If that scared him, he didn’t let people know. “No matter how things seemed to be going, Ed was always positive, almost cocky,” a medical school classmate says. But Jackson, who would be the only black in the graduating class of 1968, would revert to being something of a loner.
In medical school Jackson was bright and hard-working, but something short of brilliant. “We were just graded ‘satisfactory,’ ‘unsatisfactory’ or ‘exceptional,’ but Ed had to be one of the better students,” recalls Bob Bausch, a physician now practicing in Virginia and one of Jackson’s few close medical school friends.
“Ed was very smart and really hard-working,” another classmate recalls. “He was self-assured and kind of abrasive because of it. He was intelligent and it was almost like he was going to show us that black people weren’t dumb.”
At med school Jackson continued to be almost all business. A classmate recalls, “If you saw Ed sitting alone at Freddy’s Quick Lunch or in the cafeteria in the nursing school, you’d just leave him there. He wasn’t the kind of guy you’d go over and join. All he ever talked was shop. If he was with Bausch, they might be discussing the newest technique for a rhinoplasty or something.”
When the med school students scraped up enough money to go carousing, Jackson never went along. Bausch says, “I don’t recall ever going to a nightclub with Ed. I don’t even think he drank.”
A more likely activity for Jackson, Bausch and Bob Thompson, now a local physician, would be to go over to Jackson’s house to study and exchange notes. Jackson’s were meticulous and voluminous. “There wouldn’t be a blank bit of paper,” Bausch recalls. “They’d be neat, but crammed from margin to margin.”
It was in the latter part of med school that Jackson surprised Bausch and a few other friends when he told them he had married Alice Hansen. “The first time I met his wife was after they were married. I didn’t even know he was dating her,” Bausch recalls.
Although Bausch was a close friend, for most of the members of the med school class Jackson was almost a nonentity—until graduation.
The graduation dinner was schedule for the staid Columbus Athletic Club where Dean Richard Meiling was a member. Shortly before the dinner, Jackson told the dean and the class that he would not attend because of the discriminatory policies of the Athletic Club, which at that time had no black members. After a small brouhaha the dinner was shifted to the Sheraton.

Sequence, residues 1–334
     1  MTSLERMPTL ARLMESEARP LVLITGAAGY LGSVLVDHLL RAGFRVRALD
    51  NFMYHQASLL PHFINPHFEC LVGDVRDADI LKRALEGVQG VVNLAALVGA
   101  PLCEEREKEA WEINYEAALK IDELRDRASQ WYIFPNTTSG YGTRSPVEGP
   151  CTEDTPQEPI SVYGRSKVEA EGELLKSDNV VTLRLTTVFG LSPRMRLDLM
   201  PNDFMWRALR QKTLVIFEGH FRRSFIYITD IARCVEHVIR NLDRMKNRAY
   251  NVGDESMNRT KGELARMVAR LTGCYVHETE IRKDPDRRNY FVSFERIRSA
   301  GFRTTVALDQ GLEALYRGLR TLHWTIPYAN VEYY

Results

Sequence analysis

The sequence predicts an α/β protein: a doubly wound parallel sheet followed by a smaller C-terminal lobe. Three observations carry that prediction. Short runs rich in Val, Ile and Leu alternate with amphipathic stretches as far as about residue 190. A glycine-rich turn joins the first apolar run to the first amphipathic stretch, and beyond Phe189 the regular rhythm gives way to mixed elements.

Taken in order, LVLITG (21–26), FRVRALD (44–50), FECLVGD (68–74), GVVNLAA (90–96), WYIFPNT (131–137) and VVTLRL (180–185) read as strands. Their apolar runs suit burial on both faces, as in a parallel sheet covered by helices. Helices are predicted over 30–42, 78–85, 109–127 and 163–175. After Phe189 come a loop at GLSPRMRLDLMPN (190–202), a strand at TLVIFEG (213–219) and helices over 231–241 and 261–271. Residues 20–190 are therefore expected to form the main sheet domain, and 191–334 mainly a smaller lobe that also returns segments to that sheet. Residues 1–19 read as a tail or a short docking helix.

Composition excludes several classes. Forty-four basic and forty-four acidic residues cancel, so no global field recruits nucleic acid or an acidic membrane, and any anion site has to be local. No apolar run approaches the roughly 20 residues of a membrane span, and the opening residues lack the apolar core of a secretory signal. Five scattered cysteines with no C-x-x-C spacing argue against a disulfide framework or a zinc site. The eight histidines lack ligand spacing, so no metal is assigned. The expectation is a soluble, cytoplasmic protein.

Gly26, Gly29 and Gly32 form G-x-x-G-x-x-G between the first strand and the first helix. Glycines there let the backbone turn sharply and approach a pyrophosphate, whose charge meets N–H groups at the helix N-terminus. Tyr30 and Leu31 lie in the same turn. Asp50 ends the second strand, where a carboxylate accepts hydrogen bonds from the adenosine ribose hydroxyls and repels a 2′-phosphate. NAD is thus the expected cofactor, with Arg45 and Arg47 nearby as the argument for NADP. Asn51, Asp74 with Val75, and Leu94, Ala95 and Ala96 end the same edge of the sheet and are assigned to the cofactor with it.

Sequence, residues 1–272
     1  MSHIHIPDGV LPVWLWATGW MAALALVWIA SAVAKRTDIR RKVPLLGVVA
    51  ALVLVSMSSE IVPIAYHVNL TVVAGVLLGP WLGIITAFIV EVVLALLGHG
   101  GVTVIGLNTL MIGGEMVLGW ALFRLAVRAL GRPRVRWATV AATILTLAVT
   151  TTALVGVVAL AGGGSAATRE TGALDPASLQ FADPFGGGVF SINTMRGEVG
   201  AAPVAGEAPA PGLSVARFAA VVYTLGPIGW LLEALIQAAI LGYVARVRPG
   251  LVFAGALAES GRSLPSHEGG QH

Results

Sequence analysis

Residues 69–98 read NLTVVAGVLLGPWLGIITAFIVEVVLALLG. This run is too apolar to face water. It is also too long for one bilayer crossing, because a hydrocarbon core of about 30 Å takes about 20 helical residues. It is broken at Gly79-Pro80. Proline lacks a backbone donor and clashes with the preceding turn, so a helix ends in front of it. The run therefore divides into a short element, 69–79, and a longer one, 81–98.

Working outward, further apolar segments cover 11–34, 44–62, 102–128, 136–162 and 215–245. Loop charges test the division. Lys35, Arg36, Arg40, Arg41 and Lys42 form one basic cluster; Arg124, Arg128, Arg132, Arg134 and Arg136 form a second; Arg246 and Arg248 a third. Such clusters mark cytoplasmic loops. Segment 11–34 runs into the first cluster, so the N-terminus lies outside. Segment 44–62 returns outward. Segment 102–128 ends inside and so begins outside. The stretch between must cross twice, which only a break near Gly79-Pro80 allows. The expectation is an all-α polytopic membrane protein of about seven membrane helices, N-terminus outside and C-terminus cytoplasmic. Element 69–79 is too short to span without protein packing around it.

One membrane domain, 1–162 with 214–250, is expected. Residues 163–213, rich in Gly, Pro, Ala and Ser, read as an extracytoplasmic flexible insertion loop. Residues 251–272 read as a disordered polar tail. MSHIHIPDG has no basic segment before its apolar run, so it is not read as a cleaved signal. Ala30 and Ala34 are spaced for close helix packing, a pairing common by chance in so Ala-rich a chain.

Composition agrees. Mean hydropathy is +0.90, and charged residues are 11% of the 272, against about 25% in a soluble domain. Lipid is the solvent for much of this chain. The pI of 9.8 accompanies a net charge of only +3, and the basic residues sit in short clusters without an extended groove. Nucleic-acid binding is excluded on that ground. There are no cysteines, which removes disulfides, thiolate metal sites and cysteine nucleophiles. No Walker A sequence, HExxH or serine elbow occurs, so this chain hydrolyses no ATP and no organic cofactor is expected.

“It wasn’t really a big inconvenience, and I don’t think there was any real resentment,” a classmate says, “but you had to think, ‘Isn’t that just like Ed.’ ”
Although it was the turbulent 1960s, Jackson’s med school class was, as one graduate says, “the last of the straight arrows. It wasn’t until 1970 or so that you had interns showing up for duty in ponytails and thongs.”
While the class of ’68 wasn’t marching on Washington to protest America’s involvement in the Vietnam War, it was the time of the TET Offensive, and ’Nam—and how to avoid it—was a foremost concern.
Although an occasional doctor went down in a helicopter crash in Southeast Asia, the big fear for the med school class of ’68 wasn’t the idea of coming home in a body bag; it was career interruption. The government was grabbing them up for two-year hitches, 11 months of which was slated for Vietnam. Few liked the prospect of coming back after a two-year stint with Uncle Sam to endure the rigors of internship and residency.
One of the most popular ways to avoid post-graduate induction was the Berry Plan, which allowed a med school grad to put off military service until he had completed his internship and residency. It also allowed him to go in as—and draw the pay of—a major rather than a captain.
One doctor who chose the plan says, “They said that in four years if they didn’t need you, you wouldn’t be drafted. But the military always needs doctors.”
Jackson opted for the Berry Plan, little knowing then that his military hitch eventually would come at the most opportune of times, providing a chance to get out of town when things were getting too hot and events threatened to annihilate 15 years of hard work and dreams.
With his military obligation postponed, Jackson, whose wife had just given birth to Ruth, the first of two daughters, was able to start his internship at Mt.Carmel. “It wasn’t as intense as it can be at University,” a fellow intern recalls. “There wasn’t a quite the crushing of people’s egos as there is there.”
At any hospital, internship is an unsettling time for most young doctors. As one of Jackson’s classmates says, “Up until that time almost all your learning is book learning. Internship is your first hands-on experience. For the first time you have to make decisions. It’s scary.”
If it bothered Jackson, no one else knew it. “Ed wasn’t afraid to do anything. Chest taps, IVs, anything. He’d have read about it, he’d know how to do it, and he’d do it,” a fellow intern recalls.